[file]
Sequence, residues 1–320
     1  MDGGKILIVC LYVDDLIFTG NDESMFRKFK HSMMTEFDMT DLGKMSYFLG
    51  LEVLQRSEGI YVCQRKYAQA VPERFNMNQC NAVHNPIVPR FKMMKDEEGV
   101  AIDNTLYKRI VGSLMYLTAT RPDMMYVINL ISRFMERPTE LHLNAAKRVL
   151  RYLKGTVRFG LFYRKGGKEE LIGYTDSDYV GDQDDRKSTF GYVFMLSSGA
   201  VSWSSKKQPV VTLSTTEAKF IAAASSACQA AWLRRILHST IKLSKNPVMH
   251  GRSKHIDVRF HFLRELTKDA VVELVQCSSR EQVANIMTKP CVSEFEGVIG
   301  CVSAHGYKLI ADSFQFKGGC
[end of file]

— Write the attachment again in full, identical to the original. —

Sequence, residues 1–320
     1  MDGGKILIVC LYVDDLIFTG NDESMFRKFK HSMMTEFDMT DLGKMSYFLG
    51  LEVLQRSEGI YVCQRKYAQA VPERFNMNQC NAVHNPIVPR FKMMKDEEGV
   101  AIDNTLYKRI VGSLMYLTAT RPDMMYVINL ISRFMERPTE LHLNAAKRVL
   151  RYLKGTVRFG LFYRKGGKEE LIGYTDSDYV GDQDDRKSTF GYVFMLSSGA
   201  VSWSSKKQPV VTLSTTEAKF IAAASSACQA AWLRRILHST IKLSKNPVMH
   251  GRSKHIDVRF HFLRELTKDA VVELVQCSSR EQVANIMTKP CVSEFEGVIG
   301  CVSAHGYKLI ADSFQFKGGC